From Backend Engineer to ML Engineer — Roadmap

From Backend Engineer to ML Engineer — Roadmap

In the past few years, Machine Learning has become a leading subject in which many companies are working on, whether directly or indirectly. The rise of ML led to an evolution in the roles around it. One of the most intriguing roles discussed in the community today is the one of ML Engineer. What is the role of an ML engineer? What is required to become one? We will try to discuss those topics briefly and then lay the foundation for a roadmap to become one.
The list of technologies and concepts mentioned in this article is long. In most cases an acquaintance of the terms is enough and in others, deeper understanding and experience are required. But keep in mind — it is a proposal for a roadmap, which should be treated as a long journey that will never end (I hope!), as new technologies keep emerging constantly.

Why are ML Engineers important?

When discussing ML, the most obvious role that comes to mind is the one of Data Scientist. Data Scientists are the ones that build a model, by applying knowledge in Mathematics combined with a profound understanding of the business. They research the available data, apply data manipulation and feature engineering, select the appropriate model and tune it. Once a model is ready, it is time to put it in production. Unfortunately, Data Scientists seldom have the engineering knowledge and capacity to bring a model into production. In the following diagram the rather important part of the Data Science activity is depicted in the orange box in the middle. The surrounding boxes detail the necessary activities to put the model in production.

From “Hidden Technical Debt in Machine Learning Systems”

The engineering expertise required to build a production application around the model includes, among others, knowledge in topics such as Data Engineering, Software engineering practices, CI-CD, MLOps, Deployment, Logging & Monitoring. This is where ML engineers become handy. Those practices come mostly from the Software Engineering field. Therefore, the best match for the role of ML engineers are software engineers that handle the backend side of applications. The ML applications development process is different from standard application’s one, which requires different skills than an average software engineer has.

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ML Application Lifecycle

ML-based applications have a lifecycle that is different from regular software applications: ML models require training. This step changes the way new versions are enrolled. It affects the way the CI and CD processes are built and requires a different way of thinking relative to other software applications. The lifecycle of ML-based software includes the following blocks:

  1. Research — Data Scientists perform research to solve business problems using ML. They scan the data available and test different ML techniques. The result of this phase is usually an experimental code that includes data manipulation and an untuned ML model. Tools such as Jupyter Lab become very handy during this phase. ML engineers are less involved in this phase but in some cases, aid is required by the Data Scientists to solve programming problems and environmental issues that are usually part of the knowledge of Software Engineers.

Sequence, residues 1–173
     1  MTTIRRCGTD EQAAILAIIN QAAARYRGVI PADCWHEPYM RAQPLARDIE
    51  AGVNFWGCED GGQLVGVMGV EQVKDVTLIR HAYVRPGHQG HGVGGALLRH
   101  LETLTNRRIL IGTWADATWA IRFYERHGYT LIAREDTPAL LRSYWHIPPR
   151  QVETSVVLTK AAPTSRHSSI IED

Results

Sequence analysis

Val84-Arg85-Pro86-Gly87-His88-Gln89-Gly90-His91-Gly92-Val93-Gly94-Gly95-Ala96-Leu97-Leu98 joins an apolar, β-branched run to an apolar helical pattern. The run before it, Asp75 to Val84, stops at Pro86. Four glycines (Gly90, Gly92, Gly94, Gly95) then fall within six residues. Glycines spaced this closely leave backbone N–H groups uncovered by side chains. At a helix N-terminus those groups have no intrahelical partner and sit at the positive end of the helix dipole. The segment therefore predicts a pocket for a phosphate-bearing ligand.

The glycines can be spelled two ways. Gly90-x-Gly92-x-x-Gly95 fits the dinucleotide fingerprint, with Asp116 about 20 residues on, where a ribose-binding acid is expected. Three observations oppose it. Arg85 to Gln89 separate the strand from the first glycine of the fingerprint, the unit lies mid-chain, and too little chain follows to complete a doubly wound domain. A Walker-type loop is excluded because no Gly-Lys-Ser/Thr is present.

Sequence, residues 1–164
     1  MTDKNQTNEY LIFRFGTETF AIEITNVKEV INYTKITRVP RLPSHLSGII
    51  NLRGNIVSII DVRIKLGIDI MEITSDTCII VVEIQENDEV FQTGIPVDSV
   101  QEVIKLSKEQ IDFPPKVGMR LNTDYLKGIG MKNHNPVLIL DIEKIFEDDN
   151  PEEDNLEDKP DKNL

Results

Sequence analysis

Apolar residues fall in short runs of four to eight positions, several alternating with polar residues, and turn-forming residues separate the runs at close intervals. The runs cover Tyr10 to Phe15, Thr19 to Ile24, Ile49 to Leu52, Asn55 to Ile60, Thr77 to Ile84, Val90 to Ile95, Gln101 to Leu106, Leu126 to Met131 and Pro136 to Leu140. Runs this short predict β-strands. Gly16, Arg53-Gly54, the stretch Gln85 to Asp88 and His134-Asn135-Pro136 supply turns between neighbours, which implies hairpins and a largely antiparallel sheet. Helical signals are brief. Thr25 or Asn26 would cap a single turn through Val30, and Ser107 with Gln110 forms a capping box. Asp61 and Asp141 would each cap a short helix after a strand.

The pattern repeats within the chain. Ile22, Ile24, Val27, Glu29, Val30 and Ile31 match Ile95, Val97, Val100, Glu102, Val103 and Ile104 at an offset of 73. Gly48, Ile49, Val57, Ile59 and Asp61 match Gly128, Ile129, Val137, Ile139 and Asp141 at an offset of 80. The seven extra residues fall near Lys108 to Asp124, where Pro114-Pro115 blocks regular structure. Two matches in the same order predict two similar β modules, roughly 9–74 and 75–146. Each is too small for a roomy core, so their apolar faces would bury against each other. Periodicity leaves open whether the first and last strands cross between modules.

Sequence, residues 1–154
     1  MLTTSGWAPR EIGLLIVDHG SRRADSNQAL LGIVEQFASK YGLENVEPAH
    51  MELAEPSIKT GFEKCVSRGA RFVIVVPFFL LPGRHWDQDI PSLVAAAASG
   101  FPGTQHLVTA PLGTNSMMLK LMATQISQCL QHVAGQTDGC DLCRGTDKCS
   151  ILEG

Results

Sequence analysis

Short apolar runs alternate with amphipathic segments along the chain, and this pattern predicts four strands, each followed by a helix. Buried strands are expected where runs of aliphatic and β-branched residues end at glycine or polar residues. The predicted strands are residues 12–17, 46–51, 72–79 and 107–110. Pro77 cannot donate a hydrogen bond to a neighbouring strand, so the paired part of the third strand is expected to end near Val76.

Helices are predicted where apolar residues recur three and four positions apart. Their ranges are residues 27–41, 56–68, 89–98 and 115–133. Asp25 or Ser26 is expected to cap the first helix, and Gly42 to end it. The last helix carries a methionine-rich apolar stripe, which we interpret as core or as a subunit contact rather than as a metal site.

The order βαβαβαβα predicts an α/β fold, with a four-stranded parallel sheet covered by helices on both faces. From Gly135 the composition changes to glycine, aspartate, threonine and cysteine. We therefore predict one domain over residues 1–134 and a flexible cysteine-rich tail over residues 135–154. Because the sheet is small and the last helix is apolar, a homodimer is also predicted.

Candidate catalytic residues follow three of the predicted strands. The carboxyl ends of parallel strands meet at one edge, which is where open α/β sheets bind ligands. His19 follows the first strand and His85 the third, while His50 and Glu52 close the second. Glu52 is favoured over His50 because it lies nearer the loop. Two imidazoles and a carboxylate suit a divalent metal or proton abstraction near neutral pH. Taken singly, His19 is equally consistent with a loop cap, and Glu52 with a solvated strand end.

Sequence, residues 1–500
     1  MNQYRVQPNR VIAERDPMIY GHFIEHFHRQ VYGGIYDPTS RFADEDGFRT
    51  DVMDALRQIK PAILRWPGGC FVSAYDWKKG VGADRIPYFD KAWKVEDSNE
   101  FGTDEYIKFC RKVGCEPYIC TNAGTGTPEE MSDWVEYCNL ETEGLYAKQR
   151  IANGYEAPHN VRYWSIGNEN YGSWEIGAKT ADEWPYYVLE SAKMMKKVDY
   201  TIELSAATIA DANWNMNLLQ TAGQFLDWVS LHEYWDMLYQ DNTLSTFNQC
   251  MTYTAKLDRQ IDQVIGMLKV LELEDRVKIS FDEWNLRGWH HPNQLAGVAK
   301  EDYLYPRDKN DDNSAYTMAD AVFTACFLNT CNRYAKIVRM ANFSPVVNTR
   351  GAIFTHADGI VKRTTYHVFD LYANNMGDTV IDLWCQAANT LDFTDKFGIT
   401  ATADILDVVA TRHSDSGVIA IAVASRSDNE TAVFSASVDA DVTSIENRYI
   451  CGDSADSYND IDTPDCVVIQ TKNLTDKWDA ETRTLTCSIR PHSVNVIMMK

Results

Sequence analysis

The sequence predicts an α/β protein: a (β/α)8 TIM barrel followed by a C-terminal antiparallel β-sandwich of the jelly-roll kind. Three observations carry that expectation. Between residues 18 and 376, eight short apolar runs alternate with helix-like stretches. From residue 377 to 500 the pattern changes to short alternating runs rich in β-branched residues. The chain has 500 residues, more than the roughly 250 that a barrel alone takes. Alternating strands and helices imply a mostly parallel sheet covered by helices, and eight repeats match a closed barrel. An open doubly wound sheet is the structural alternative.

2. Training — Model training is a repetitive step in which both data and model are being tuned. Data Scientists try different data features and data engineering. The appropriate model is being selected and hyperparameter tuning cycles are applied. This phase is repeated on every software version enrolled. It requires frameworks and libraries from the MLOps discipline. ML Engineers help to make this step iterative by providing reusable building blocks which are used in ML pipelines. The reusable blocks usually solve problems such as data retrieving, connectivity to sources, communication with the environment and more. These blocks are a good place to apply performance enhancements from the software engineering discipline.
  3. Prediction — The tuned models are being used to predict new data. The prediction can be performed in a repetitive batch operation or by an online application that handles incoming data in a streaming fashion. ML Engineers are the ones building the software and processes to apply these predictions. Whether it is a batch prediction pipeline or a microservice for online prediction, the capabilities of a software engineer are required to build robust applications with tuned performance.
  4. Action — Predictions alone are not enough. For the prediction to influence the business, an action must be applied. This action requires, in addition to the prediction, the current state of the entities involved, configuration, etc. ML Engineers build the infrastructure to retrieve those states and configurations and also develop the rule engine that decides the appropriate action. This step can be done by ML engineers, or in better cases, by Data Scientists providing ML engineers have built the appropriate infrastructure and building blocks (entity state and configuration retrieval, and API to an external system to apply the action)